A recent non-compete case out of a New York County court offers employers valuable drafting tips on non-compete and non-solicitation provisions.
In American Leisure Facilities Management Corp. v. Brutus, Jeremy Brutus managed two facilities in New York City’s Peter Cooper Village for American Leisure, a designer and operator of spa, recreational, and sporting facilities, until it terminated his employment in November 2011. Brutus declined American Leisure’s severance offer and just a month later went to work for NFC Amenity Management, a direct competitor of American Leisure, in a similar role. At that time, NFC did not manage or provide services in Peter Cooper Village. It was not until two years later that NFC bid on Peter Cooper Village work and won that business in June 2013.
At American Leisure, Brutus signed an offer letter containing a non-compete provision prohibiting him for one year following his termination from working for any business that manages or provides any services to any facilities or properties for whom American Leisure provided services during the term of Brutus’ employment with American Leisure. Brutus also signed an acknowledgement that he received American Leisure’s employee handbook, which contained an even broader non-compete provision prohibiting employees for one year following their termination from engaging in any business activity in which American Leisure is directly or indirectly involved.
American Leisure sued Brutus and NFC in New York State court ultimately seeking to bar Brutus’ NFC employment based on a claim that Brutus breached the non-compete clauses in the offer letter and handbook and because NFC tortiously interfered with those contracts. NFC countersued American Leisure and its Vice President of Operations, Gail Hamilton, a former NFC employee, alleging that Hamilton breached her employee non-solicitation provision with NFC. The parties each cross-moved for summary judgment.
The court tossed American Leisure’s claim that Brutus breached the non-compete in the offer letter because NFC (and Brutus) did not provide services to American Leisure’s clients in violation of the contract. Though unnecessary to its ruling, the court characterized the non-compete provision as “overly broad” because it “not only attempts to restrict Brutus from working for competitors that provide services to American Leisure clients to which Brutus was assigned, but also for all organizations anywhere in the world which were American Leisure clients at any time during his employment, regardless of whether they were American Leisure clients when Brutus’ employment terminated, and regardless of whether Brutus ever worked on those accounts.” The court also noted New York’s recognition of the “employee choice” doctrine (where an employee agrees to a restrictive covenant in exchange for post-employment benefits) as an exception to the general disfavor of non-compete provisions, but recognized that it did not apply to Brutus since he declined American Leisure’s offer of severance.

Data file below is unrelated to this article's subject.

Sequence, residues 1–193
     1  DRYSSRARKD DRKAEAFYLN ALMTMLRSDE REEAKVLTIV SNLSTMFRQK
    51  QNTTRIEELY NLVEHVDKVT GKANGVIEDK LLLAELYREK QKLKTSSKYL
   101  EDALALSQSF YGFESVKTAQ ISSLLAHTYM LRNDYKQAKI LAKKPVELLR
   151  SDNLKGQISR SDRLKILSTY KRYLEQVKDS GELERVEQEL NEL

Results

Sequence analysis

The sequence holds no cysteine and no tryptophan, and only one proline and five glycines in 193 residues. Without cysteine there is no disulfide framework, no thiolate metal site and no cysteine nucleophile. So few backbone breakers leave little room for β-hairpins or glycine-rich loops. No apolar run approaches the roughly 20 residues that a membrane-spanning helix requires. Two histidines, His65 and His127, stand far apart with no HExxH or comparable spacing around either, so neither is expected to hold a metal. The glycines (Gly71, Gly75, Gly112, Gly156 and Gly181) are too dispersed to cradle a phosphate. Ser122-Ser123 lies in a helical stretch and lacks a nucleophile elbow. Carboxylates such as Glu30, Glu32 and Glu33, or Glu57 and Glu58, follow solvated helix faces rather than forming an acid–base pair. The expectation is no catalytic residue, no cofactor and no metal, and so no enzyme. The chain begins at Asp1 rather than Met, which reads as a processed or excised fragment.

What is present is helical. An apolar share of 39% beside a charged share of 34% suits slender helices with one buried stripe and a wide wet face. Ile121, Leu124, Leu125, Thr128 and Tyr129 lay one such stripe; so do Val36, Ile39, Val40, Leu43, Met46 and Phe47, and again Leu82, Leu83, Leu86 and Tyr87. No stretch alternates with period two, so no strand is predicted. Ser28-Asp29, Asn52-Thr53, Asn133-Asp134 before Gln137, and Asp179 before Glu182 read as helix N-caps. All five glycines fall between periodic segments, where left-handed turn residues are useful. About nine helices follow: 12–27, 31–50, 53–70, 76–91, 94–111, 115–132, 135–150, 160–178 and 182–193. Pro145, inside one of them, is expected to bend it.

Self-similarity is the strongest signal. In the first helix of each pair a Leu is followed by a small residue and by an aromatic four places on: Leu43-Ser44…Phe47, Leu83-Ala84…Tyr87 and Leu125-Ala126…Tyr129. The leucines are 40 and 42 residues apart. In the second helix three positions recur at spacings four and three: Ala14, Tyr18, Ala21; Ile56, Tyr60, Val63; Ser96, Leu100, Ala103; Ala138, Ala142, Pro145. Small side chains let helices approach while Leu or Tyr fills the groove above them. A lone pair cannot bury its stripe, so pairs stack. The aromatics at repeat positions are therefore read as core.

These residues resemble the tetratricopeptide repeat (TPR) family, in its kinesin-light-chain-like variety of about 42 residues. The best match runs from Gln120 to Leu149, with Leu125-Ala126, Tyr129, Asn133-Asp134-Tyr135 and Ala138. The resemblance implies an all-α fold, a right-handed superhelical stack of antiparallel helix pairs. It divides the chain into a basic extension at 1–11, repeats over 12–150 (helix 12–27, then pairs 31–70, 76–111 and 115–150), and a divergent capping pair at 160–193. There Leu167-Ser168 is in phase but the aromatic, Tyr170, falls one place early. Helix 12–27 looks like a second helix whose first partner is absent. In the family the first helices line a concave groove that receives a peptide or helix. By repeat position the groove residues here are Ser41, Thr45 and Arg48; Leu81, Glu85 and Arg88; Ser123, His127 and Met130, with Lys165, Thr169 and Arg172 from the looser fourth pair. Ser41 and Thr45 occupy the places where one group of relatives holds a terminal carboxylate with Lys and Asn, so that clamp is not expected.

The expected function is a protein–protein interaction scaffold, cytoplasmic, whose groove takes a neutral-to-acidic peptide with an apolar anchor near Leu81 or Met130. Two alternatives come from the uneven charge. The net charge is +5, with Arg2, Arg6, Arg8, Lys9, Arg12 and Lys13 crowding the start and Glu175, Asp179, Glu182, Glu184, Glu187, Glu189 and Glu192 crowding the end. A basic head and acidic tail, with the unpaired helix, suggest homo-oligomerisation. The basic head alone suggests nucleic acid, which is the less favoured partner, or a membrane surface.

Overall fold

The court had little trouble also rejecting American Leisure’s claim that Brutus breached the non-compete provision in the handbook, finding that this non-compete “effectively bars former employees from engaging in their profession for a year after termination.” The court ruled, based on the language in the handbook and the testimony of American Leisure’s CEO, that the handbook is not a contract and, even “if it was a contract, it is not enforceable” because American Leisure may not “dictate whether and where Brutus may practice his chosen profession.”
As to NFC’s counterclaim, the court looked more favorably on the restrictive covenants in the employment agreement between NFC’s predecessor and Hamilton, who left NFC in May 2010 to join American Leisure. Hamilton was subject to a two-year post-employment ban on soliciting NFC employees. In its counterclaim, NFC pointed to its loss of business from four key clients, arguing that Hamilton’s recruitment of NFC’s on-site managers led to American Leisure winning business from NFC’s clients. Distinguishing between the requirements of non-compete provisions (i.e., possessing proprietary or confidential information and being a unique employee) as opposed to non-solicitation provisions, the court noted that NFC has a legitimate business interest in protecting its client relationships and customer goodwill that it developed and that two years is reasonable for a non-solicitation provision under New York law. Because NFC “produced evidence of efforts to use NFC’s employees, and Hamilton’s use of NFC’s documents (including keeping an NFC computer with NFC documents on it), to lure NFC clients to American Leisure,” the court denied American Leisure’s motion for summary judgment.
The American Leisure case provides useful lessons to employers in drafting post-employment restrictive covenants, particularly non-compete provisions. Judges continue to disfavor overly broad provisions unrelated to any legitimate protectable interest. Accordingly, employers must be diligent in drafting precise and narrowly-tailored covenants in terms of, for example, geographic, temporal and customer scope. Employers should consider compensating employees during restricted periods to take advantage of the “employee choice” doctrine which takes the “reasonableness” inquiry largely off the table. Finally, including broad-based non-competes in an employee handbook distributed to all employees is, of course, disfavored and unlikely to be enforced absent evidence of other post-employment misconduct.